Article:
(Bloomberg) -- Credito Real will file as soon as next week a prepackaged insolvency agreement in a Mexican federal court, people familiar with the matter said, in a bid to resolve the collapse of what had been the country’s biggest payroll lender. 

Creditors provided the company with documentation this week showing that holders of more than 50% of Credito Real’s $1.9 billion of dollar bonds had agreed to the deal, which allows for the filing to move forward, said the people, requesting anonymity since the talks are private. 

Representatives for the company and a group of creditors steering the agreement didn’t reply to requests for comment. 

The so-called concurso mercantil will result in the liquidation of the lender’s remaining assets, the people said, adding that it could be pushed back beyond next week. 

The filing aims to bring to a conclusion a bankruptcy process that is already playing out in US courts.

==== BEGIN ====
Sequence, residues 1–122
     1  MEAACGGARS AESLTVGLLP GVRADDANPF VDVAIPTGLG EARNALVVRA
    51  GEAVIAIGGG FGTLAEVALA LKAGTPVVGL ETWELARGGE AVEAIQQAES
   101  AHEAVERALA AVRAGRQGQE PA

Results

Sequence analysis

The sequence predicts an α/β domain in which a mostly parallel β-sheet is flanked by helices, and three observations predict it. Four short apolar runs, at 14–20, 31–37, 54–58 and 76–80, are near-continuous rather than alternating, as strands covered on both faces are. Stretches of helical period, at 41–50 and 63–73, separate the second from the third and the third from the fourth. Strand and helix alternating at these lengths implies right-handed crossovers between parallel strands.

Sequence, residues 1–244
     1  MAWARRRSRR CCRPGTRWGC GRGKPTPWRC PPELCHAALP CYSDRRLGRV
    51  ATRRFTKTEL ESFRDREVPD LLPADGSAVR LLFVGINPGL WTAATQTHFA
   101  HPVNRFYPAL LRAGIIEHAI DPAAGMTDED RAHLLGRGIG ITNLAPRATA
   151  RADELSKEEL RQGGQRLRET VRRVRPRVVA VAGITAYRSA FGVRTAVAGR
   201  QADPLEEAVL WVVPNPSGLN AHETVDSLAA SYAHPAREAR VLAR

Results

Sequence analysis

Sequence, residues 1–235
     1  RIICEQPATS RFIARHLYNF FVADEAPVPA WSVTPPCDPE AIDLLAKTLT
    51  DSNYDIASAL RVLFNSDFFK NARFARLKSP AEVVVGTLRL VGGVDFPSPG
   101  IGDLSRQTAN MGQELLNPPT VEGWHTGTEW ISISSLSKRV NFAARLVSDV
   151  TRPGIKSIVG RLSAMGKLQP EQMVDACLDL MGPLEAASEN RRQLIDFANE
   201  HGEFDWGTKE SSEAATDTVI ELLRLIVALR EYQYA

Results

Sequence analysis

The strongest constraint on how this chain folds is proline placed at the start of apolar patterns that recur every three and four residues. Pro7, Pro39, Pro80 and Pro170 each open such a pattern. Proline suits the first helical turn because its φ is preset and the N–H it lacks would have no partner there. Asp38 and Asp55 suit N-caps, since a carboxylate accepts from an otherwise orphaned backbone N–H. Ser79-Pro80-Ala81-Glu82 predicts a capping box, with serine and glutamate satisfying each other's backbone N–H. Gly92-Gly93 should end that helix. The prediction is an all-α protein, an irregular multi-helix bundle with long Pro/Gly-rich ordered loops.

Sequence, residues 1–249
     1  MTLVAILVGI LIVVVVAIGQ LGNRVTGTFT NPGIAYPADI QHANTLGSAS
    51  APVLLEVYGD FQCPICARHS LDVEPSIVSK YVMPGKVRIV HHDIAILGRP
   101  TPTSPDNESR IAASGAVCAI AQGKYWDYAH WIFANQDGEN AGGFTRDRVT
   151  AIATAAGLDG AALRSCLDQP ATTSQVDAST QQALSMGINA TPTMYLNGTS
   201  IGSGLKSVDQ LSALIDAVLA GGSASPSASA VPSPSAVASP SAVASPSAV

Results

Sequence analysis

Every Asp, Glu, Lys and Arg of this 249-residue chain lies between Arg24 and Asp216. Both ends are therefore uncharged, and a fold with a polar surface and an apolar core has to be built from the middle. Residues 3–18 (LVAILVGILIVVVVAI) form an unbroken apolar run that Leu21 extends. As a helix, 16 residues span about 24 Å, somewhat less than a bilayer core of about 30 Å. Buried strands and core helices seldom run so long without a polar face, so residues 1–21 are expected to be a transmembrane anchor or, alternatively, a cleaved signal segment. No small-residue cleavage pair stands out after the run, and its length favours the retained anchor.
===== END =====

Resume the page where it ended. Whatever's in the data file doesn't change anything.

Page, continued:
Credito Real’s collapse in February 2022 was part of a wave of more than $5 billion in defaults by the country’s lightly regulated non-bank lenders that has locked the industry out of global capital markets. 

Under the plan to be filed, which was originally proposed in May, Credito Real’s remaining loans will be placed into a trust that will be overseen by a Mexican judge. Bondholders will receive payouts from the trust as those loans are collected, with the company now estimating a recovery of about 22 cents on the dollar over three years — 1 cent less than it had previously forecast.

About half of the total will be paid out in the first year, according to a document posted this week on the company’s website. Notes due in 2028 are reflecting that payout, changing hands this week for 11 cents, according to Trace data. 

Before it defaulted, Credito Real had a loan portfolio of around 53.4 billion pesos ($3.1 billion). Roughly $420 million of assets remain, according to the latest estimates published this week, that date from the end of July. 

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